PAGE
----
Caribbean? Yes, but in Egypt! Marsa Matrouh, the crystal sea!

Marsa Matrouh

Marsa Matrouh is on the north coast of Egypt and the Mediterranean Sea laps its Caribbean beaches. For this reason there is no reef like in Sharm or Marsa Alam! On the other hand, there is very fine sand and crystal clear sea!

We chose Marsa Matrouh for our escape because it is also an excellent destination to discover the wonders hidden in the middle of the desert. Ancient cities, Bedouin culture, listen to the legends linked to Queen Cleopatra and Amon’s oracle, to whom Alexander of Macedon apparently turned to obtain responses on his military campaigns.

The most spectacular stretch of coast is Almaza Bay, a large sandy inlet that extends for kilometers. The sand is like talcum powder and the water’s colors change from blue to turquoise. You could spend your entire holiday here, in this little paradise, lulled by the sound of the sea. But Marsa Matrouh offers much more, fragments of a glorious and fascinating past! We will tell you about the experiences we have had first hand!

300 km far from Marsa Matrouh, there’s Siwa Oasis

It is the last outpost of the Bedouin people. It’s one of the largest and most lush oases in this area, where sweet dates grow and people produces olive oil. In addition to that, Siwa is 18 meters below sea level. This is also the reason why there are no camels or dromedaries: they cannot live here.

The houses and buildings are the same color as sand. Actually, they’re built with a mix of mud, clay and pieces of salt that hardens like cement under the sun.

At the center of the oasis stands Shali Fortress, the original nucleus of the settlement. The icon of the oasis is a mountain guardian of 3000 tombs dating back to the Greek/Roman era. It’s the “Mountain of the Dead”! Explorers discovered the graves during World War II, used as shelters. Were all looted, despite this they found some mummies. The most important tomb is that of Sì Amun, a priest.

Tribes, tradition and…sandblasting!

Our guide explained us that 7 Bedouin tribes live in Siwa, governed by a chief, the strongest and richest men. Marriages are arranged and the groom cannot see the bride until the wedding day. Camels serve as dowry. The number to be offered for the bride depends on her beauty, assessed by the groom’s mother. The men wear a white tunic and a turban while the women are all covered with a burka and wear gloves. Not even a flap of skin remains exposed!

Curiosity: pigeons are traditionally bred. They believe they’re aphrodisiacs, for this reason they give them to the groom before the wedding!

Siwa tribes speak a particular dialect, different from Arabic. The Bedouins taught us a few words, incomprehensible even to the guide himself!

zeitoun lake in siwa oasis
Photo by Yassmeen Abdelaziz on

In Siwa in July and August it is possible to do sandblasting to treat rheumatism. The treatment lasts approximately for a week. 10 minutes per day in the sand and bathing sessions in the salty springs! In Siwa there are in fact more than 200 salt lakes. Some of them are pink due to the presence of sulphur. Salt is extracted and exported but is not used for food, only in cosmetics, for example as a scrub.

The Great Sand Sea

The Great Sand Sea, a desert that extends for 72,000 square km between Egypt and Libya, dotted with oases such as Siwa and Bahariya, with mud and salt houses. Entering the desert you pass from the golden sand to the White Desert, a lunar and surreal landscape where the limestone and chalky rocks sparkle in the sun, which is home to the last three oases encountered before reaching Libya: Farafra, Dakhala and Kharga. The dunes can be surfed like waves, aboard a 4X4 that speeds quickly between the sparkling strips of sand.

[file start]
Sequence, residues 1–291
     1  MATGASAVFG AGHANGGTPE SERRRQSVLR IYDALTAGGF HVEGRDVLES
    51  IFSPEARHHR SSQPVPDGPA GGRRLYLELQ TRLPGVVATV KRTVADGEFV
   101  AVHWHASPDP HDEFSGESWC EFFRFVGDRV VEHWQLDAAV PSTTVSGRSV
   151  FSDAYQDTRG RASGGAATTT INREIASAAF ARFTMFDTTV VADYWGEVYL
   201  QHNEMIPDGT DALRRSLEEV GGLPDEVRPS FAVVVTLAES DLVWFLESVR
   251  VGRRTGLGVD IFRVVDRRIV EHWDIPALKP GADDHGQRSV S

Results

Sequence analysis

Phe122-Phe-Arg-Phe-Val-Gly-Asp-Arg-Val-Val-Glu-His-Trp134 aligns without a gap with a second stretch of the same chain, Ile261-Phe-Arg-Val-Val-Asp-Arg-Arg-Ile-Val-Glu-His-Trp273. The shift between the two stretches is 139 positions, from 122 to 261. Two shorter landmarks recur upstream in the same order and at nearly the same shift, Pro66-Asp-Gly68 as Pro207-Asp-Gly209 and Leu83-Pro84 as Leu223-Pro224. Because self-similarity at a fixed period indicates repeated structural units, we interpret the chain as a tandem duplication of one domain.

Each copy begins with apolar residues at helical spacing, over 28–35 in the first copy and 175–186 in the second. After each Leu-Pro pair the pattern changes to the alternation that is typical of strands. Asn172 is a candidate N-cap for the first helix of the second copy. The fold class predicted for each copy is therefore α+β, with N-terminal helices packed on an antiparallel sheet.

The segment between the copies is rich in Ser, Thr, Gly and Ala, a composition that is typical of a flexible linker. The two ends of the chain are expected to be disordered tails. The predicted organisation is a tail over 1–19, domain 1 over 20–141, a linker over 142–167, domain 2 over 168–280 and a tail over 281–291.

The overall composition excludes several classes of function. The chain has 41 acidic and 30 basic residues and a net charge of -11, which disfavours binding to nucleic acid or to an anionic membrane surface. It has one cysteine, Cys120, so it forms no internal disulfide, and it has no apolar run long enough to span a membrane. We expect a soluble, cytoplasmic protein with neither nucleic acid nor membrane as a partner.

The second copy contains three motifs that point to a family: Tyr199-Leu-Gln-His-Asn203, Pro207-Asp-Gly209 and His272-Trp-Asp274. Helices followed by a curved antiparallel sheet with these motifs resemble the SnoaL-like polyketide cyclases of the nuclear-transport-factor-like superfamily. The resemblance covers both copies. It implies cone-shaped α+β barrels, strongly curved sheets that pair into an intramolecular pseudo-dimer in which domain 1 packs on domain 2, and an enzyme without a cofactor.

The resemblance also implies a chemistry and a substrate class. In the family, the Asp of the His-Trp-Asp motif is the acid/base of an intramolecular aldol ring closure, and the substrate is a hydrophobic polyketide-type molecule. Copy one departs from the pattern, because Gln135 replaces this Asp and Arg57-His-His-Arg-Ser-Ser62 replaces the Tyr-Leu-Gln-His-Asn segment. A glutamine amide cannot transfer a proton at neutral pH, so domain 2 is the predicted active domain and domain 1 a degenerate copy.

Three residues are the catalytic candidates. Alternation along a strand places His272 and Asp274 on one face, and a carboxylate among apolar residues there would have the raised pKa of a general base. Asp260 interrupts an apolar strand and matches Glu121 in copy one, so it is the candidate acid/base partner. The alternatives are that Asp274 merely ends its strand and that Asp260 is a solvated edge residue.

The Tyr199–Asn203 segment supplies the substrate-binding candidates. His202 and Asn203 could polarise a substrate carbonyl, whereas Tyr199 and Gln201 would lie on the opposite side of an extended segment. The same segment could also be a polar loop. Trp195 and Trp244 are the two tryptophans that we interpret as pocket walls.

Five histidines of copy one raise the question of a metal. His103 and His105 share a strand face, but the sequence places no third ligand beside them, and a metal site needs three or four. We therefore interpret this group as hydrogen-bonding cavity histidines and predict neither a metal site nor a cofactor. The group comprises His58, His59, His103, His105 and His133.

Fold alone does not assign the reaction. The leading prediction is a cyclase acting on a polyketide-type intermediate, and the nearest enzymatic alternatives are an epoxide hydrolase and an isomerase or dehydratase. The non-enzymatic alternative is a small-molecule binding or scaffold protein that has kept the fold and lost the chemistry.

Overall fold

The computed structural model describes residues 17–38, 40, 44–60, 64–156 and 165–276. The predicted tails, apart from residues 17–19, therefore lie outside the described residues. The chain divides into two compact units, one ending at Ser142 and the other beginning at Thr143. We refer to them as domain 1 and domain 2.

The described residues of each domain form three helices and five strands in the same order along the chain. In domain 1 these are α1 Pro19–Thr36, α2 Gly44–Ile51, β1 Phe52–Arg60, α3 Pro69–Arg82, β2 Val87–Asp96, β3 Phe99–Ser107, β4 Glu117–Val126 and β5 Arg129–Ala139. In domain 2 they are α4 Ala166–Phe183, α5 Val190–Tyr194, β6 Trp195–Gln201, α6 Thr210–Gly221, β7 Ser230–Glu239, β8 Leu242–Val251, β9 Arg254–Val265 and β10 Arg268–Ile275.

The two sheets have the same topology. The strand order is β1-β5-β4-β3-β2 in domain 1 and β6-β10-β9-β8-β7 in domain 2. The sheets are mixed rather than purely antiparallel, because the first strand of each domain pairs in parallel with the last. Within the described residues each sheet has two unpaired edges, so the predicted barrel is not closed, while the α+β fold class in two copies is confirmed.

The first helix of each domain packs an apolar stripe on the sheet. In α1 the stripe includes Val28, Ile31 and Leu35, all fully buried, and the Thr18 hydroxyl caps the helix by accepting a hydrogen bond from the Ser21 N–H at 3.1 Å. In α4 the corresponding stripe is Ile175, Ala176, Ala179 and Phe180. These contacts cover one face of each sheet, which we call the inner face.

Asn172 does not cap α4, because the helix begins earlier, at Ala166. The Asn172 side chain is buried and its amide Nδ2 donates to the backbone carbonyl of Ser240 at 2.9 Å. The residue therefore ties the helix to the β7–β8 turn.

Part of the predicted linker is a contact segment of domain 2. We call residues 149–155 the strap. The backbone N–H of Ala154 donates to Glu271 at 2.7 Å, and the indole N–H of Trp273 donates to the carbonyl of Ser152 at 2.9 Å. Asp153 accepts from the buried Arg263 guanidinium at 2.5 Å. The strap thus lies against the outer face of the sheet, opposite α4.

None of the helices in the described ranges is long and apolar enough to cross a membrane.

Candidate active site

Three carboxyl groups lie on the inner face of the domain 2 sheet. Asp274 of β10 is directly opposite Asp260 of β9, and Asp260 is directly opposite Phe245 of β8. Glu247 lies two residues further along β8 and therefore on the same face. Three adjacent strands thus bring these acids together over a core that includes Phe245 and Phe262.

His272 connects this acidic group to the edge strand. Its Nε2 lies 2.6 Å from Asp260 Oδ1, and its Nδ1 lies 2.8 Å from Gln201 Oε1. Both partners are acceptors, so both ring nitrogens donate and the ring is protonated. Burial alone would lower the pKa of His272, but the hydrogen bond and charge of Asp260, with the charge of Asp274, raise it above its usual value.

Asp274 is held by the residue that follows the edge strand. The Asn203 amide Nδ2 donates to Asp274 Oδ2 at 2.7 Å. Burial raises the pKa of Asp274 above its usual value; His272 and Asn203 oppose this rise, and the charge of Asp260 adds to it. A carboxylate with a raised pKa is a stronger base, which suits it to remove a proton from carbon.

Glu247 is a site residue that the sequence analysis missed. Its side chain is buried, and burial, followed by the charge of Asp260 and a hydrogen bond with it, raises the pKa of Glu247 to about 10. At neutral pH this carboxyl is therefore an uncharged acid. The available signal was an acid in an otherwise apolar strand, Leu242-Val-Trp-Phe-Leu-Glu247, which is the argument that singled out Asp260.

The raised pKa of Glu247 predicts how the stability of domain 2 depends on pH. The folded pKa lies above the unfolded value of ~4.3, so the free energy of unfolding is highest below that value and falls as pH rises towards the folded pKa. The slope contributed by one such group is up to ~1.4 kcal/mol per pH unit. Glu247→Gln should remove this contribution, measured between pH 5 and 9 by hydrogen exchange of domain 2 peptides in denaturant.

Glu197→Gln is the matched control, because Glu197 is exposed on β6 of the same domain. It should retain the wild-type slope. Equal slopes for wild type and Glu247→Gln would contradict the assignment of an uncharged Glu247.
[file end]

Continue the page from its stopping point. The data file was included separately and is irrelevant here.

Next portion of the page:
Giza, the Sphinx and the Cairo Museum

When you first see the pyramids, the timeline of history seems to reverse. One has the impression of observing the creation of a mysterious, emblematic superior civilization and the laws of everything we know mix, break, leaving us alone with our questions and wonder…

The Sphinx

“Who walks first on four legs, then on two and finally on three?” This was the riddle posed by the Sphinx!

Facing east to meet the rising sun, it has been for centuries under desert sand. It is the largest surviving sculpture from the ancient world, measuring 73.5 m long and 20 m high.

His name in Arabic means “The Father of Terror”, but the sphinx of ancient Egyptian mythology was a symbol of strength, intelligence and benevolence. On the contrary, in Greek mythology she was a mythical creature, daughter of Typhon and Echidna, sister of Chimera, Hydra and Cerberus. In Greek sphinx in fact means strangler and it was a monster who besieged the Greek city of Thebes, questioning the passers-by she met on her path with complex riddles and enigmas and devouring those who failed to solve them.

The Egyptian Museum in Cairo

Founded in 1858, it boasts a collection of over 136,000 objects, among which the most valuable finds are those found in Tutankhamun’s tomb, discovered by the English archaeologist Howard Carter in 1923.

The new museum, the Grand Egyptian Museum (GEM) is under construction and is destined to become the largest Egyptian museum in the world. It will house over 100,000 objects and finds and will have a surface area of ​​500,000 m2. But beyond the numbers, it is the mummies that enchant, their state of conservation, their ability to preserve themselves by challenging space and time, with their expressions and their immortality.

This is the magic of every journey, getting close to the crust of the world, following with your fingers its cracks and inconsistencies through which the history of humanity filters.

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